Written for Rip it Up – September 2014
As a fellow Wellingtonian I’ve been fortunate to catch nu-folk/Americana outfit Eb & Sparrow open for Rodriguez, Beth Orton and Tami Neilson. Ebony Lamb’s smoky alto just seems to float over the Arizona dry desert tones of her ballads. Her aching loneliness rolls like soft thunder through dark clouds of foreboding grooves. So the cover image on the cover of their self-titled debut perfectly encapsulates the pioneer themes of nature, longing and loneliness – like a Geoff Murphy film or a CK Stead novel. Perhaps it’s Kerrie Hughes’ 17th Century botanical panels, their choice to record in a broken port town or the haunting anthems loves lost and reclaimed that make this five piece’s take on Americana seem so unique and so personal.
When I had coffee with the delightful Ebony Lamb recently she gave me a sense of how important music was to her emotional health and how important the band was to her music. I am very grateful for her honesty and candour as she talked at length about her band. “We’re not only on the road together… we look after each other’s kids … we even help each other move house.” Lamb is rightly very proud of Bryn Hevelt – Lap Steel, guitars; Jason Johnson – Bass; Nick Brown – Drums; Chris Winter – Trumpet, referring to them as a family. “And in our band, family comes first. They’ll all very talented and versatile. I’m amazed at their skill to take a song and explore it in so many ways until the true sense can be found. We must have done (the Cash-like track) ‘Big Train’ about 50 ways before we decided on the right one. I love that exploration process.”
Lamb’s fairly new to the music industry having only been playing guitar for 5 years, taught by “a very patient man” – a former boyfriend (who, incidentally, later went on to break her heart and further inspire her creativity). “I guess I’ve had many dark moments in my life. I could have been a painter – that would have been a way to channel that emotion that sorrow. But I found music. “I was meant to meet Bryn. He encouraged me. I hadn’t been writing long. I had song songs I wanted him to help me to record and he said ‘Why not make an album?’ So we did.”
“We collected together, saved up, and we chose to record away from our lives in Wellington. We needed to separate ourselves.” The album was recorded (predominantly live, with little overdubs bar vocals) in the unsettled maelstrom of a recovering port town – at Lyttleton. Lamb heard about Ben Edwards’ Sitting Room Studio though fellow singer Delaney Davidson, amongst others, and knew of the impressive work he’d done with the Eastern. “Ben was in the middle of rebuilding after the earthquake when we arrived – so he set up a room in the basement of the Wunderbar. I was apprehensive about the space because it was this concrete room. But he made it nice with padding, etc. He made us welcome.”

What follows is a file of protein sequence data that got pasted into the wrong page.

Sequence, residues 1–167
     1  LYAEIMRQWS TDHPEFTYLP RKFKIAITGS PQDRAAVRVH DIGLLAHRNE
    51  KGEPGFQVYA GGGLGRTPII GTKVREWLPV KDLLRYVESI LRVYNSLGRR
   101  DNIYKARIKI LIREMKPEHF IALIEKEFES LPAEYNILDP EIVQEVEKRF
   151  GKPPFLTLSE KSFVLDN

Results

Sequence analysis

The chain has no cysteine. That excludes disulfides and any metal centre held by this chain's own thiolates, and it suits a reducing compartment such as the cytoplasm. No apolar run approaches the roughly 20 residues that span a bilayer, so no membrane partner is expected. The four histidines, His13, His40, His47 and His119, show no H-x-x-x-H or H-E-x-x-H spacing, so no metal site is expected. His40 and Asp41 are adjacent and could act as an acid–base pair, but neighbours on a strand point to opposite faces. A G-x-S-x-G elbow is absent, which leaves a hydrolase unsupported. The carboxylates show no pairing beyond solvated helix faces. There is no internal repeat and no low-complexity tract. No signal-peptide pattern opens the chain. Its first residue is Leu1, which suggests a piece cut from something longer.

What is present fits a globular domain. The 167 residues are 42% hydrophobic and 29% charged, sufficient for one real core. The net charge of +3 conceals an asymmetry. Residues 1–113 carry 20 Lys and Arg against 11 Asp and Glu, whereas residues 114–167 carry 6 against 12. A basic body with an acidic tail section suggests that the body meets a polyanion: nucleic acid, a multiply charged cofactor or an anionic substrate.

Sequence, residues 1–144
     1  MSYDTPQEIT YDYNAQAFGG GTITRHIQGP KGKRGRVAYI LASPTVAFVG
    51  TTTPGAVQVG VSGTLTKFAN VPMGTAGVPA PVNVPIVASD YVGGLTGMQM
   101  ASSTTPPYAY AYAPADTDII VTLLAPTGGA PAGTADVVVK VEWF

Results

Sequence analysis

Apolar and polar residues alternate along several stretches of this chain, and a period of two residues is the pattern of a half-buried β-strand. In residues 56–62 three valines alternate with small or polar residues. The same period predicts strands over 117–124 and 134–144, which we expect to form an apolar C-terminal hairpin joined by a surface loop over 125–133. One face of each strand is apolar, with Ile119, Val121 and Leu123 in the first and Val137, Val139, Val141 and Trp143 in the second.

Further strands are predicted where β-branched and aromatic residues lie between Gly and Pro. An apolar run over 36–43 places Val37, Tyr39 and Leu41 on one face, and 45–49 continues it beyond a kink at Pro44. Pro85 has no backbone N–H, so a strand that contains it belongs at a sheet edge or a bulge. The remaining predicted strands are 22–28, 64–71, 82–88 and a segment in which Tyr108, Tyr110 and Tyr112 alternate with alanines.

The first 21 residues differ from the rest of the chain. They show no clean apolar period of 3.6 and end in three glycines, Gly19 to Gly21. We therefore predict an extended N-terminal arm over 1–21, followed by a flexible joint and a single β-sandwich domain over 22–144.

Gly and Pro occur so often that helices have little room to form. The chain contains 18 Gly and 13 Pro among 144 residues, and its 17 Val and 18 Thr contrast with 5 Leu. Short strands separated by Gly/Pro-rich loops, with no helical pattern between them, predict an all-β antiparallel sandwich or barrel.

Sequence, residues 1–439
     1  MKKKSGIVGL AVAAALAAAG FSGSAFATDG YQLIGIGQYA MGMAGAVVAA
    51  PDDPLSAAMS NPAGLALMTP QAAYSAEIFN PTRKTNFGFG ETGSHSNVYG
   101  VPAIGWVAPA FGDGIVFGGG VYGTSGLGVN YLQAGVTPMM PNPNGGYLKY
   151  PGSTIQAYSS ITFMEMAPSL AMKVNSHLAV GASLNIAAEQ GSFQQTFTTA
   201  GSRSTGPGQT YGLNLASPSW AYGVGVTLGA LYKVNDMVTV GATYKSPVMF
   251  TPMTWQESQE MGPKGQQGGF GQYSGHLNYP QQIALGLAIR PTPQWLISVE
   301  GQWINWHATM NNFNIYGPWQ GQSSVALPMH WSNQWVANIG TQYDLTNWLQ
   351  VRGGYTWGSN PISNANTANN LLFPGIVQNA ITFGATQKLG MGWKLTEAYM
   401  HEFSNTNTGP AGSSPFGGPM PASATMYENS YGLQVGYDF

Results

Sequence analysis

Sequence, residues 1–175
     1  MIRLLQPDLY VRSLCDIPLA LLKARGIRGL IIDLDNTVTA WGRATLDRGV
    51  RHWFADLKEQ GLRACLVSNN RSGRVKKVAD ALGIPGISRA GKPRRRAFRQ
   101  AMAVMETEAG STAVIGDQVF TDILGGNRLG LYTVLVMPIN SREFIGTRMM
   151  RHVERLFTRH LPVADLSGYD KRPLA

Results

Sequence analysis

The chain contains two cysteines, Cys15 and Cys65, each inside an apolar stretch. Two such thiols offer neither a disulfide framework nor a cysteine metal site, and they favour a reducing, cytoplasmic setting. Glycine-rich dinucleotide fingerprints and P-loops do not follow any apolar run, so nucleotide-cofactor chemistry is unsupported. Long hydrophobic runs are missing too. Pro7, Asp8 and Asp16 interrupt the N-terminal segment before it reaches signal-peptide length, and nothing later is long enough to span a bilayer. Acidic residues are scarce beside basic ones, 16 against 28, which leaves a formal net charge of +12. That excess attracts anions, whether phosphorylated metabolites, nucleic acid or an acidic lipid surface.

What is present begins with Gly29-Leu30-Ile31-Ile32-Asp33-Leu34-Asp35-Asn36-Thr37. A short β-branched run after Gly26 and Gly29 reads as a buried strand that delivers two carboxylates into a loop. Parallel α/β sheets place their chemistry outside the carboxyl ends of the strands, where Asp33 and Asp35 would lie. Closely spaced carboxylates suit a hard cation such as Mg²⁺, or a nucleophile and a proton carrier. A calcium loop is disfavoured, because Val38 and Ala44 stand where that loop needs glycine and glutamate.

“Bryn calls me a ‘freak of nature’ – I’ve had little experience or training, unlike the other members of the band who’ve been playing nearly all their lives. But I am writing a song a day, maybe more. Half my life I’ve been just a mum, at home. This is like a calling I didn’t know I could release. I can be determined, hot headed. The guys just follow along. So we need Ben to take direction. He was like the 6th member of the band for the duration.”
Many of the songs are deeply tied to personal event and have multiple layers. Lamb grew up around music – on the radio, the car stereo. Her solo father was “a mechanic-tinkerer – but thoughtful and philosophical man. (He loved rebuilding things) We must have had about 30 Holden’s over the years.” She tells me about family road trips and the reminiscent journeys she made driving back to Tauranga over the last 3 years to visit her dying father (who was stricken with motor neurone disease). “It was those trips and a recent break up with my boyfriend that brought me great sadness. But with my daughter traveling with me I was reminded of great joy and to be thankful.” All that inspired the new video ‘Quietly We Tread’ (which is also on the album) which was made by with the help of good friends Nikki Parlance and Kate Macpherson. The road trip that features is a lifelong metaphor for transience of emotions – love, loss, recovery. And fittingly it also features an old Holden.
The video ‘Quietly we tread’ is available to stream on 1 Sept Eb & Sparrow will launch their Debut at The San Francisco Bath House on 5 September.
link to Kerrie Hughes – http://www.bowengalleries.co.nz/artists/hughes.php